Tuesday, March 18, 2014

Dann Thomas

Danette “Dann” Thomas is a comic book writer, and married to writer/editor Roy Thomas. They have collaborated on All-Star Squadron; Arak, Son of Thunder; and the Crimson Avenger. She co-wrote Wonder Woman #300, becoming the first woman to get scripting credit for that character. She’s also worked on West Coast Avengers, Doctor Strange, and many others.

Monday, March 17, 2014

Mindy Newell

Mindy Newell is a writer and editor. She was the first woman to be an ongoing writer for Wonder Woman. She’s been a fan of comics for many years, and submitted to DC when they were soliciting talent. She also wrote Amethyst: Princess of Gemworld and Catwoman. She moved to Marvel to edit in 1990 but a slowdown forced layoffs and she went back to nursing in ’96. She now writes a column for ComicM!x.

Sunday, March 16, 2014

Christy Marx

Christy Marx is an award-winning writer and photographer, and the creator of the animated series Jem and the Holograms, and the comic series The Sisterhood of Steel. She sold a Conan the Barbarian story to Marvel, and worked writing scripts for the Fantastic Four cartoon, and several others. She wrote for the sadly short-lived Sword of Sorcery comic book that featured Amethyst: Princess of Gemworld. She is also a game designer, with Conquests of Camelot, and has worked on other computer, console and MMO games.

Saturday, March 15, 2014

Wendi Pini

Wendy Pini is an award-winning artist, and may be best known for her co-creation with husband Richard of Elfquest. She contributed covers and illustrations to Galaxy Science Fiction and Galileo magazines before Elfquest launched in ’78. She has also done graphic novels for the tv series Beauty and the Beast. More recently, she took inspiration from the Poe story Masque of Red Death and turned it into a dystopian graphic novel.

Friday, March 14, 2014

Louise Simonson

Louise Simonson is a writer and editor, and began her comic book career at Warren Publishing, working from assistant to senior editor, before leaving to work at Marvel. She was married to Jeffery Catherine Jones, and is also credited as Louise Jones in some of her work. She later married comics writer/artist Walter Simonson. In ’86, she quit editing to try writing full-time, and created the award-winning Power Pack with June Brigman. She and Jackson Guice created the character Apocalypse, and had significant influence on the X-Men books. She later wrote Superman: The Man of Steel, where she co-created the character Steel. She’s written several books for children and young adults, a Batman novel, as well as DC Comics Covergirls.

Thursday, March 13, 2014

catherine yronwode

catherine yronwode is a writer and editor who has been writing since her teens. At Ken Piece Publishing, she edited and wrote intros for books of reprinted comic strips like Modesty Blaise and The Phantom, and had a regular column in the Comics Buyer’s Guide. She freelanced for Kitchen Sink Press, writing The Art of Will Eisner in ‘81, among others. She served as editor-in-chief at Eclipse Enterprises, and she won and Inkpot Award in ’83 for work she did there. She collaborated with Trina Robbins in ’85 on Women and the Comics, which was the first book on the subject of the history of women in the industry.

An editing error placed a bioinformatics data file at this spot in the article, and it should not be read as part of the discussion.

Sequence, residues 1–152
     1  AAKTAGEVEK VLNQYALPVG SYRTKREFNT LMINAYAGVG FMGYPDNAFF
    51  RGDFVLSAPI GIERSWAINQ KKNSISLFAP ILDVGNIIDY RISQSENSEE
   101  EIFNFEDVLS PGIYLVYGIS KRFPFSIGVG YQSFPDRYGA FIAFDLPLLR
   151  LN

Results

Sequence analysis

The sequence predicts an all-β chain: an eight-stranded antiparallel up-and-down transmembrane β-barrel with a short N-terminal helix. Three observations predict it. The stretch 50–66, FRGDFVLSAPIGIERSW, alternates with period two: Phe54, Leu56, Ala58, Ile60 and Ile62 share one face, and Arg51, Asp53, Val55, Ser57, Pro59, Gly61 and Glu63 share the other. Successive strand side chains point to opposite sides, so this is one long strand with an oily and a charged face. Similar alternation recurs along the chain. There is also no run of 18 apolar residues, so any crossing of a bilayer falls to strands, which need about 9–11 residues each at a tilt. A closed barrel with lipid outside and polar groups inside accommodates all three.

Wednesday, March 12, 2014

Jeffery Catherine Jones

Jeffrey Catherine Jones (1944-2011) was an artist whose first comic book work was in Blazing Combat #1 (1965). Jones painted many covers for science fiction books, as well as covers and short stories for comics publishers. It wasn’t until after the marriage to Louise Alexander (later Simonson) and divorce that she sought hormone replacement therapy in 1998, to transition fully to the female she always felt she was.

Tuesday, March 11, 2014

Trina Robbins

TrinaRobbins is a comics writer, artist and herstorian. She was very influential in the underground comix and ‘zine movement. An avid comics reader, she later got involved with science fiction fandom, and contributed to the fanzine Habakkuk. She had a clothing boutique in NYC that sold her designs, and sold comics to the East Village Other underground paper in the 60s, before moving to San Francisco in the 70s and working on the feminist underground paper It Ain’t Me, Babe and eventually the feminist comics anthology Wimmen’s Comix. She began chronicling women’s history in comics in the 80s, and has written a number of books on the subject. In 2013, she was inducted into the Will Eisner Comic Book Hall of Fame.

Monday, March 10, 2014

Marie Severin

Marie Severin was an artist and colorist who worked for EC Comics and Marvel Comics. Her brother worked for EC, and needed a colorist, and brought her in. After an industry downturn, she returned to comics in 1959, working for Marvel. She worked on the Sum-Mariner, Doctor Strange, The Amazing Spider-Man and many others. An award-winning comics artist, she was inducted to the Will Eisner Comics Hall of Fame in 2001.

Sunday, March 9, 2014

Zena Brody

Zena Brody (1928-1971) edited comics for DC’s romance books Girl’s Romances, Girl’s Love Stories and Secret Hearts. Her name didn’t show up in the books until 1955, but she had been working as editor since at least 1950, possibly 1949.